## PREP 2014 Question Authoring - Archived

### Math mode in popup menus ### Math mode in popup menus

by Michele Titcombe -
Number of replies: 5
Is there a math mode in popup menu entries? I tried without success to put the symbol for "less than or equal to" or "greater than or equal to". Finally I gave up.

Here is the (partial) code where I wanted to have math mode in the popup menu items:

Context("Numeric");
$popup1 = PopUp( ["?","p > 1","p > 0","p < 1","p > 1 or p = 1"], "p > 1", );$popup2 = PopUp(
["?","p < 1 or p = 1","p > 1","p < 1","p > 0"],
"p < 1 or p = 1",
);

##############################################################
#
# Text
Context()->texStrings;
BEGIN_TEXT
The infinite series $$\sum\limits_{n=1}^\infty \dfrac{1}{n^p}$$ is called a $BBOLD p-series.$EBOLD $BR (a) The p-series converges if \{$popup1->menu() \}
$BR$BR
(b) The p-series diverges if \{ $popup2->menu() \} END_TEXT Context()->normalStrings; ############################################################## # Answers install_problem_grader(~~&std_problem_grader);$showPartialCorrectAnswers = 0;
ANS( $popup1->cmp() ); ANS($popup2->cmp() ); ### Re: Math mode in popup menus

by Paul Pearson -
Hi Michele,

First of all, I would like to encourage everyone who uses a webwork forum (or another online forum for computer code) to always post a complete minimal working example (i.e., all of your code, not a snippet).  This makes it possible for other people to try to reproduce your problem without having to fill in what is missing by guessing.

Here's an inelegant solution that actually works: use <= for "less than or equal to" and >= for "greater than or equal to".  This solution is given below my signature.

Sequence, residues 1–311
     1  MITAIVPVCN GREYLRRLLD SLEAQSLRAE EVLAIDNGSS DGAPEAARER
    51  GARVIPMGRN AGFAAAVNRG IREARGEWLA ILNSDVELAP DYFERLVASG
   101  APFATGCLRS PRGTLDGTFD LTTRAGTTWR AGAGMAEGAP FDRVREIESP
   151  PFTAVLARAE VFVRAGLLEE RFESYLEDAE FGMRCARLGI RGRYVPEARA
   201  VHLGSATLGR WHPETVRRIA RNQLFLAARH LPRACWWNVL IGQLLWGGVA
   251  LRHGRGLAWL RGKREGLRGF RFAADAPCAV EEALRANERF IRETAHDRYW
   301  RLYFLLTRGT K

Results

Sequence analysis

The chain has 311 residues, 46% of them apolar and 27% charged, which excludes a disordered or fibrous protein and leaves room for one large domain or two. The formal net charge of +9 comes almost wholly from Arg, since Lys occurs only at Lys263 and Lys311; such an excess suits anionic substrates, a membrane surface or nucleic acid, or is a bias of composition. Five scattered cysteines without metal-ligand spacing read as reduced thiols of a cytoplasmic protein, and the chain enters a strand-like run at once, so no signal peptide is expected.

I can think of another solution, but I don't know how to make it work right now.  In particular, we could try replacing <= by &le; and >= by &ge;  However, in the second part of this question, when you submit the correct answer the answer preview box at the top of the problem reports {\rm p &le; 1} as the correct answer, the popup goes back to "?" instead of staying on the correct answer, and (most importantly) the correct answer is not marked correct.  Also, there is another issue with this attempt at a bug fix: it disregards what the PG file will do when the student generates a PDF hardcopy (it will throw an error).  So, we would probably have to define a mode-specific command such as $LEQ that will render as &le; in html mode and as \leq in PDF mode (which is rendered using LaTeX). Best regards, Paul Pearson ######################################## # Working (though inelegant) example. DOCUMENT(); loadMacros( "PGstandard.pl", "MathObjects.pl", "parserPopUp.pl", ); TEXT(beginproblem()); Context("Numeric");$popup1 = PopUp(
["?","p > 1","p > 0","p < 1","p >= 1"],
"p > 1",
);
$popup2 = PopUp( ["?","p <= 1","p > 1","p < 1","p > 0"], "p <= 1", ); ############################################################## # # Text Context()->texStrings; BEGIN_TEXT The infinite series $$\sum\limits_{n=1}^\infty \dfrac{1}{n^p}$$ is called a$BBOLD p-series. $EBOLD$BR
(a) The p-series converges if \{ $popup1->menu() \}$BR$BR (b) The p-series diverges if \{$popup2->menu() \}
END_TEXT
Context()->normalStrings;

##############################################################
$showPartialCorrectAnswers = 0; ANS($popup1->cmp() );
ANS( $popup2->cmp() ); ENDDOCUMENT(); In reply to Paul Pearson ### Re: Math mode in popup menus by Paul Pearson - Hi Michele, Another solution would be to make the question more open ended by using actual inequalities as answers, such as in the following PG code. Best regards, Paul Pearson ############ begin PG code DOCUMENT(); loadMacros( "PGstandard.pl", "MathObjects.pl", "contextInequalities.pl", "AnswerFormatHelp.pl", ); TEXT(beginproblem()); Context("Inequalities")->variables->are(p=>'Real');$answer1 = Compute("p > 1");
$answer2 = Compute("p <= 1"); ############################################################## # # Text Context()->texStrings; BEGIN_TEXT The infinite series $$\sum\limits_{n=1}^\infty \dfrac{1}{n^p}$$ is called a$BBOLD p-series. $EBOLD$BR
(a) The p-series converges if \{ $answer1->ans_rule(20) \} \{ AnswerFormatHelp("inequalities") \}$BR$BR (b) The p-series diverges if \{$answer2->ans_rule(20) \} \{ AnswerFormatHelp("inequalities") \}
END_TEXT
Context()->normalStrings;

##############################################################
$showPartialCorrectAnswers = 1; ANS($answer1->cmp() );